I went to Patna Medical School and did my MBBS after which I stayed there and finished Masters of Surgery (M.S). Then I came to England. I had developed quite a bit of ego of being not only a doctor but a surgeon too. I knew the core books of surgery and was pretty proud of myself. One day I was assisting a consultant surgeon and I kind of pointed out to him that the surgical test book says differently than what he was doing. I felt that the surgeon, Mr. Gibbins (In England once you do FRCS and become a surgeon, you are called Mr.) would explain to me why he was doing it differently. I also expected some appreciation of my knowledge of the books. Instead I was shocked with his reply. He paused for a moment, looked at me and simply said, “Dr. Bhatta, I stopped reading text books 20 years ago.” I do not know if he meant it or not, but there is a time you have to drop you attachment to books. The surgical textbook is still important, but not in the same way as it is for a medical student. This needs some close examination. We need to understand the source of these books. The sources of these textbooks are surgeons. You cannot create anything new if you are not prepared to drop your attachment with these books. You need to have them, you need to read them, but you do not need to be enslaved by them. A tyag is needed to stop being dependent on these books. Then a new can flow out of you. Inventions are then possible. You then become the source for these books.

So far so good. It is easy to understand tyag or dropping or letting go of your school to go to college and you can also understand dropping of the books to become the source. It gets a little harder when you start talking about dropping of scriptures. You can imagine what will be the reaction be if you ask a Christian to drop Bible, or ask a Moslem to drop Koran or ask a Sikh to drop the Granth Saheb or ask a Hindu to drop the Vedas. The attachment here is not only of the individual but there is a group attachment as well. The attachment goes still deeper and also transcends the time-space of an individual. The roots are quite deep. How can you drop these deep roots?

We come back to Arjuna and Krishna. Arjuna is conversing with Krishna. He has been to school, college and has graduated from the highest possible school of education of his times. He has read the Vedas, has achieved the heights of archery and is a lion heart of his times. He is at the pinnacle of his fame. He is talking to Krishna who is a long time friend and buddy. Krishna is equally qualified and more. Arjuna respects his friend Krishna but does not really know the extent of this ‘more.’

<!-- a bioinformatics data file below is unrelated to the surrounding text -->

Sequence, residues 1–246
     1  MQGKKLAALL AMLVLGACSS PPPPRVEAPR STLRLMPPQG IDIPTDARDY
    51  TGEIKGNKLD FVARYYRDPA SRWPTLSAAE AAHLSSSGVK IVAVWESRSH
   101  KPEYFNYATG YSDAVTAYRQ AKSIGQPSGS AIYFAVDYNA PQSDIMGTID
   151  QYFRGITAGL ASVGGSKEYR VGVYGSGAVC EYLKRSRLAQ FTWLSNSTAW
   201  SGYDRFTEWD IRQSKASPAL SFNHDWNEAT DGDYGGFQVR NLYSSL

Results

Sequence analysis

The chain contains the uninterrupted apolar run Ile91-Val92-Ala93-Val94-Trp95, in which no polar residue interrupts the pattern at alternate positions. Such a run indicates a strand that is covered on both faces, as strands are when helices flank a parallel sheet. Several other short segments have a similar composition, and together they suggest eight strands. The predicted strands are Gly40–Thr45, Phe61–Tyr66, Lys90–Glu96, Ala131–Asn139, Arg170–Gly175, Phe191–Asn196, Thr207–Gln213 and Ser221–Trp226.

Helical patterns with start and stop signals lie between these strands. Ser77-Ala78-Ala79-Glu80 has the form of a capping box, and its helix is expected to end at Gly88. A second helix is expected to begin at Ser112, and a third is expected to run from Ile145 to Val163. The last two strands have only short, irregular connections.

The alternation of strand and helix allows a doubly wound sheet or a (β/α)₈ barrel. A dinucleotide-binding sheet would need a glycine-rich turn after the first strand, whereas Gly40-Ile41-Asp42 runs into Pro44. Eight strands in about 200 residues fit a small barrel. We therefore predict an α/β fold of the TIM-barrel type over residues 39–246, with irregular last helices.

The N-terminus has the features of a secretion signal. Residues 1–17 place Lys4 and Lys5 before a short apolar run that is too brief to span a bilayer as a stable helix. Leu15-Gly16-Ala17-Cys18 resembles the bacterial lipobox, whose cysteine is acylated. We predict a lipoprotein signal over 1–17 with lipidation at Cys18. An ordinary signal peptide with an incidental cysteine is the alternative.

What is this ‘more?’ Krishna is manifest as a person with a human face and a human body. But, he represents the cosmos. He is the whole Ocean contained inside a drop. The drop may appear to have boundaries and limitations, but in Krishna’s case it is vaster than the Ocean. This is what I would call the Krishnafield Krishna is unique. There is a qualitative difference between Krishna and others. This is important to realize. Einstein was a great scientist. He was genius. His contribution was tremendous. Yet the difference between a regular physicist and an Einstein is quantitative. It can be measured. The thought patterns are essentially the same. The brain may have certain parts more developed. In fact, recently I happened to see the difference in the brain of Einstein and a regular scientist. Certain parts of the brain near the temporal lobe in Einstein’s case were larger and more developed. In case of Krishna or Buddha it is not merely a difference of size but of the entire vision. They have a totally different vision, a holistic vision of perfect clarity, and a vision from the state of no mind.

Arjuna starts by showing off his knowledge. His ego is quite refined and subtle. Arjuna is willing to die rather than kill. And he is waiting for Krishna to agree with him. How can Krishna not agree with his arguments, which are rooted in the Sahshtras and high moral standards? Arjuna must have been shocked with the reply of Krishna (2:1-2:2 last column). He is in for more shock in the coming shlokas.